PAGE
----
The Limits of Conservative Ratings | The American Spectator | USA News and Politics
The Limits of Conservative Ratings
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Not to nitpick Quin, but the Ron Paul fans can still criticize Rick Santorum’s record: while both candidates’ National Taxpayer Union ratings were good, Paul’s were higher than Santorum’s. Paul has also never ranked lower than 10 while Santorum has ranked as low as 33. Paul ranked first four years in a row while Santorum never ranked higher than third.

That being said, these ratings have their limits. (I say that even though NTU is one of the more discriminating.) Take a look at Santorum’s: he gets basically the same rating when Republicans were trying to restrain the growth of Medicare spending (with Santorum’s vote) as he did when Republicans were approving a massive unfunded new entitlement in the form of Medicare Part D (also with Santorum’s vote). His grade is barely higher when Republicans were reforming welfare and cutting farm subsidies than when they were increasing non-defense discretionary spending at the fastest rate in years. (It should be noted the 2002 farm bill was one piece of Bush-era big government Santorum voted against.)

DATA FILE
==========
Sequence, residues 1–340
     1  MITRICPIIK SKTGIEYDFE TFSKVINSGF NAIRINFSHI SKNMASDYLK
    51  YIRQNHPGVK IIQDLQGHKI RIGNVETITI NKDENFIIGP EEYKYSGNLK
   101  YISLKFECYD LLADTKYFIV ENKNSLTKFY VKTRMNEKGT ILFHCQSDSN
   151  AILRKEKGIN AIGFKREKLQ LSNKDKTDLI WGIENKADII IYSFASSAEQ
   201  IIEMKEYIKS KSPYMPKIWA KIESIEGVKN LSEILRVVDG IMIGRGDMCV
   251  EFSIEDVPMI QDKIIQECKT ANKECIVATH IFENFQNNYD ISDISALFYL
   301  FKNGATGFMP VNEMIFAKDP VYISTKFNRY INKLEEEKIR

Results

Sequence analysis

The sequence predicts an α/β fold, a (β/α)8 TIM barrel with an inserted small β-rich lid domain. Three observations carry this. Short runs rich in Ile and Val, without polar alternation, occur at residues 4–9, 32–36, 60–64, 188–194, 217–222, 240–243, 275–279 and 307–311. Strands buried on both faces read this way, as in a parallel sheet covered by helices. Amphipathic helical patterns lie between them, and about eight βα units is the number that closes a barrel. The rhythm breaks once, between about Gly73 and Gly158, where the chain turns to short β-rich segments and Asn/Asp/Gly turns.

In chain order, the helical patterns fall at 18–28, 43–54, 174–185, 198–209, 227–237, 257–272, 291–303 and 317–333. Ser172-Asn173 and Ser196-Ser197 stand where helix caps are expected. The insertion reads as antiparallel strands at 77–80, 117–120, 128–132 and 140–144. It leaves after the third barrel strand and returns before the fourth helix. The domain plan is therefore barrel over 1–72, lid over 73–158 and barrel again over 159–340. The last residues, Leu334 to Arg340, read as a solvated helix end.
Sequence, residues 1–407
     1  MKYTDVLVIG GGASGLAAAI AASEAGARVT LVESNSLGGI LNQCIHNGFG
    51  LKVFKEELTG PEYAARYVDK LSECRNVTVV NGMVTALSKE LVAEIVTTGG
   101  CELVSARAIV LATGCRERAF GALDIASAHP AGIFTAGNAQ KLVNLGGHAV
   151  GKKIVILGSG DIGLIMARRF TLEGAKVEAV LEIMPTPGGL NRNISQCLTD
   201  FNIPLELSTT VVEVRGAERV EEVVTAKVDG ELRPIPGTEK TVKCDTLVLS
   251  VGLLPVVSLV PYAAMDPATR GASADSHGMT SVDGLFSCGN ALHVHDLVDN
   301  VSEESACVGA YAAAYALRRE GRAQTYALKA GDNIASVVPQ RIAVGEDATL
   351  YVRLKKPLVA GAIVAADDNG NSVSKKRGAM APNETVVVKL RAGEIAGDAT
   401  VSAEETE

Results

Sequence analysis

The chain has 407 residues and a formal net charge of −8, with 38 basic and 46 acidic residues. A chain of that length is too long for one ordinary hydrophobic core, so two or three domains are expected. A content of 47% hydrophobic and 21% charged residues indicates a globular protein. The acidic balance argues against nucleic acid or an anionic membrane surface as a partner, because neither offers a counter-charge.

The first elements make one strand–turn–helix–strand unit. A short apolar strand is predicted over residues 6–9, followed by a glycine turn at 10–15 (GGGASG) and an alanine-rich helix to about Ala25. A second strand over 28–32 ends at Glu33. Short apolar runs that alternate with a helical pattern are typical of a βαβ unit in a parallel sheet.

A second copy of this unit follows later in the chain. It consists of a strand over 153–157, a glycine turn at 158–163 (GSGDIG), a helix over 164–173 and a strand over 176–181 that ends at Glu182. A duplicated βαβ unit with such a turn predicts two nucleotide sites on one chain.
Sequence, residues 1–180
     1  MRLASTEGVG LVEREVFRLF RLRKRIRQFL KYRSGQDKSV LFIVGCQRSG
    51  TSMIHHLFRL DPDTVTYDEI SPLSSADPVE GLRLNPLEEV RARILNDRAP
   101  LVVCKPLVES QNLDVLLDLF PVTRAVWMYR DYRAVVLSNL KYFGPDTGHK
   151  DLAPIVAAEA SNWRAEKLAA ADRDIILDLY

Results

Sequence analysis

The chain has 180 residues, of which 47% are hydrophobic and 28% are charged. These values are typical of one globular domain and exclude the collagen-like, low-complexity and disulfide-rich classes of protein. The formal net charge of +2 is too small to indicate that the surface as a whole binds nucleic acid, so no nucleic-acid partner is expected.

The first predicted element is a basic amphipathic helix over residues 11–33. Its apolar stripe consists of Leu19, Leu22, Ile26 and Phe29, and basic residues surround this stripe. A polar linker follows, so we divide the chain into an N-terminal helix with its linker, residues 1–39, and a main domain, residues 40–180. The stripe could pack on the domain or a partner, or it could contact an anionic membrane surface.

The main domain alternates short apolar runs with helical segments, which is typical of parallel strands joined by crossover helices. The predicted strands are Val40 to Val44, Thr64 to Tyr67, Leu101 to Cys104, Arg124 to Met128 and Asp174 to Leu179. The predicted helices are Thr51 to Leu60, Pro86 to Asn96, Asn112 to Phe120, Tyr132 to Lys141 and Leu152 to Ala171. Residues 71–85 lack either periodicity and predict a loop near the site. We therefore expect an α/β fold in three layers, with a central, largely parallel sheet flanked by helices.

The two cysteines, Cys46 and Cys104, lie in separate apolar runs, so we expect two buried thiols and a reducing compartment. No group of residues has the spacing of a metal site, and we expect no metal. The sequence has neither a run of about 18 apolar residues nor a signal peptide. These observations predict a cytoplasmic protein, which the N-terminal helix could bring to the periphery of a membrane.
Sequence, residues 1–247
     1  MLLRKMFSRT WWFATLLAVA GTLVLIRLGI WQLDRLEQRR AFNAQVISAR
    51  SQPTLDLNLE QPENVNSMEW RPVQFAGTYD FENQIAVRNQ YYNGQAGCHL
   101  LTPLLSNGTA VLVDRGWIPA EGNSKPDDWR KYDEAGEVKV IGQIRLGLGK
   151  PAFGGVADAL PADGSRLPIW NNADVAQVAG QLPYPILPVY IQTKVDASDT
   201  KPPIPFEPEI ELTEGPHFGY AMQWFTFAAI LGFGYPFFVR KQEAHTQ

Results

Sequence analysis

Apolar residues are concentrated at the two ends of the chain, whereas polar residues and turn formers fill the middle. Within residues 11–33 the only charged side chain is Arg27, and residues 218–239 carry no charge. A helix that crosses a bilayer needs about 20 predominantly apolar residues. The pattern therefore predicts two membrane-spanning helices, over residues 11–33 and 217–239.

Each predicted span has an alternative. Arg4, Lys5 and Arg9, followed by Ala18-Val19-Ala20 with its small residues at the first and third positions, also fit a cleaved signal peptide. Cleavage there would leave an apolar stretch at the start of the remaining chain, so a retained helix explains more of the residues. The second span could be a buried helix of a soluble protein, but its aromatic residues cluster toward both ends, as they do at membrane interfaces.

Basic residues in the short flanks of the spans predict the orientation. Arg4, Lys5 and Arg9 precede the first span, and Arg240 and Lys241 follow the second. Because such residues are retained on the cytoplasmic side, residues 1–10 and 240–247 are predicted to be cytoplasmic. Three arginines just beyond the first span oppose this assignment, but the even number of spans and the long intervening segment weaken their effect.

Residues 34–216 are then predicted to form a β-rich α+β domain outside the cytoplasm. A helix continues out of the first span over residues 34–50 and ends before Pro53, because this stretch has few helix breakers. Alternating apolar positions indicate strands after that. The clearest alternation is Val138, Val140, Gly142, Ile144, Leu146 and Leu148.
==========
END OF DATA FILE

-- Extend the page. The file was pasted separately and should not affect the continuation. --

Simply put, there is something screwy about ratings that don’t make these distinctions. The Club for Growth strikes me as pretty fair in its assessments of the candidates’ records.

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